print('setting training arguments')

    training_arguments = TrainingArguments(
        bf16=FLAGS.bf16, #change for CPU
        use_ipex=FLAGS.use_ipex, #change for CPU IPEX

    print('Creating SFTTrainer')

    trainer = SFTTrainer(

    print('Starting Training')
    start = time.time()


    total = time.time() - start
    print(f'Time to tune {total}')

if __name__ == "__main__":
    parser = argparse.ArgumentParser()

                        help="activate mix precision training with bf16")
                        help="used to control the maximum length of the generated text in text generation tasks")
                        help="specifies the number of highest probability tokens to consider at each step")

    FLAGS = parser.parse_args()

We can execute our script with the following command:

python --bf16 True --use_ipex True --max_seq_length 512

During training, we will see a progress bar indicating the estimated time to complete the process (Figure 2).

Figure 2. Training log from the fine-tuning process

Once training is complete, we should find a “results” directory with various checkpoint folders. The checkpoint folder with the highest number (checkpoint-3000) will contain all of our configurations, PyTorch model files, etc. (Figure 3). We will need the files in this folder to deploy our model and process inference requests.

Figure 3. Contents of final checkpoint folder

Inference with Our Tuned Falcon-7B Model

Now that our model has been fine-tuned, we can test it with a sample prompt using the following script to create a Hugging Face pipeline:


from transformers import AutoTokenizer, AutoModelForCausalLM, AutoConfig
import transformers
import torch
import argparse
import time

def main(FLAGS):

    model = AutoModelForCausalLM.from_pretrained(FLAGS.checkpoints, trust_remote_code=True)
    tokenizer = AutoTokenizer.from_pretrained(FLAGS.checkpoints, trust_remote_code=True)
    tokenizer.pad_token = tokenizer.eos_token

    generator = transformers.pipeline(

    user_input = "start"

    while user_input != "stop":

        user_input = input(f"Provide Input to tuned falcon: ")
        start = time.time()

        if user_input != "stop":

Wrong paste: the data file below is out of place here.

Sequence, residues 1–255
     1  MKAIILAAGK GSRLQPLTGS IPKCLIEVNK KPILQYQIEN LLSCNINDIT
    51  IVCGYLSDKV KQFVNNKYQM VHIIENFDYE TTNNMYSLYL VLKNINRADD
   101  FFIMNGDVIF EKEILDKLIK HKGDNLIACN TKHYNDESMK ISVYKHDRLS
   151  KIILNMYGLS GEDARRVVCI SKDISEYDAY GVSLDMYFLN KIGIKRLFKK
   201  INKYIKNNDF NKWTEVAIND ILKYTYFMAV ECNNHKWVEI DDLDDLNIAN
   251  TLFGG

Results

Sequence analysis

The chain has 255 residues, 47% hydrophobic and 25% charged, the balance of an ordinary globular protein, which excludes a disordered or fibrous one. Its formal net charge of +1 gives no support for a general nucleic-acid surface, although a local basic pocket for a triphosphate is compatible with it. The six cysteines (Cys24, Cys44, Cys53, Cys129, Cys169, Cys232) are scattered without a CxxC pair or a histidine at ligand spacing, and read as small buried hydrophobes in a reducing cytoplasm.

sequences = generator( 
            f""" {user_input}""",

        inference_time = time.time() - start

        for seq in sequences:
            print(f"Result: {seq['generated_text']}")

        print(f'Total Inference Time: {inference_time} seconds')

if __name__ == "__main__":
    parser = argparse.ArgumentParser()

                        help="path to model checkpoint files")
                        help="used to control the maximum length of the generated text in text generation tasks")
                        help="specifies the number of highest probability tokens to consider at each step")

    FLAGS = parser.parse_args()

To execute this script, run the following command:

python --checkpoints <PATH-TO-CHECKPOINT> --max_length 200 --top_k 10

When prompted by our script, we asked Falcon, “Can you tell me three fun facts about space?” Its response is shown in Figure 4. Except for the partially correct fact about Saturn, it seems like the model provided a factually accurate response and organized it in an easily interpretable format. There are encouraging signs that our fine-tuning has improved on the untuned model.

Figure 4. Response from tuned Falcon-7B

How does our model compare to the raw, untuned version of Falcon-7B? We tested the untuned Falcon-7B model with the same prompt as above (Figure 5). We can see that the untuned model has difficulty comprehending our request and formulating a coherent response. This is evidence that fine-tuning has improved the model’s comprehension and overall response quality. Quantifying the degree of improvement would require running causal language modeling benchmarks, which is beyond the scope of this article.

Figure 5. Response from untuned, raw Falcon-7B

Summary and Discussion

We now have a fine-tuned version of one of the most powerful “truly open-source” LLMs ever released! The intersection of Hugging Face’s APIs, Intel’s accelerated AI tooling, accessibility of CPU hardware, and Falcon’s open-source licensing make this implementation an accessible option for various enterprises and AI application developers.

My goal was to enable this workload rather than analyze performance, so I omitted hardware performance and causal modeling metrics. Still, I encourage developers to explore opportunities to optimize this workflow using hyperparameter optimization, the Intel® Extension for Transformers, Intel® Neural Compressor, Parameter-Efficient Fine-tuning (PEFT), Low-Rank Adaptions of LLMs (LoRA), and fine-tuning Falcon on the Habana Gaudi*-1 and Gaudi-2 accelerators to improve training performance.